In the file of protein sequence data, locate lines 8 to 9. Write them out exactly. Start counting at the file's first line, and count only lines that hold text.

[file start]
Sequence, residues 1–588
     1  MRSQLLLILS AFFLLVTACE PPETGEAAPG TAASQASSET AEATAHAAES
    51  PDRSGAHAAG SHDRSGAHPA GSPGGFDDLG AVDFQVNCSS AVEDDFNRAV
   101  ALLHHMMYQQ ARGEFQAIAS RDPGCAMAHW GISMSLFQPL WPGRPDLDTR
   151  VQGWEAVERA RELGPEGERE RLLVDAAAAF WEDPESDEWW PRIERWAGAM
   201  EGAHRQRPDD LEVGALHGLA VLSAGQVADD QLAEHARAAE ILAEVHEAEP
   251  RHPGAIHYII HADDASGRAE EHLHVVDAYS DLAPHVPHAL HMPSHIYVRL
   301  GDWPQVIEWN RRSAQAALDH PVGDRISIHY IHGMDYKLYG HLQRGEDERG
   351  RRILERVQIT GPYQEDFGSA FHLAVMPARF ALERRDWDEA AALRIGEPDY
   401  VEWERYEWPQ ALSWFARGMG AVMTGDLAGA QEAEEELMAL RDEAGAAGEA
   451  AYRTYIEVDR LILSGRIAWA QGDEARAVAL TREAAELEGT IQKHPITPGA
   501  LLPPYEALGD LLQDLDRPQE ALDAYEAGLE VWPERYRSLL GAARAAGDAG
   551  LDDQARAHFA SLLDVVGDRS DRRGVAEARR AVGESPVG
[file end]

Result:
   301  GDWPQVIEWN RRSAQAALDH PVGDRISIHY IHGMDYKLYG HLQRGEDERG
   351  RRILERVQIT GPYQEDFGSA FHLAVMPARF ALERRDWDEA AALRIGEPDY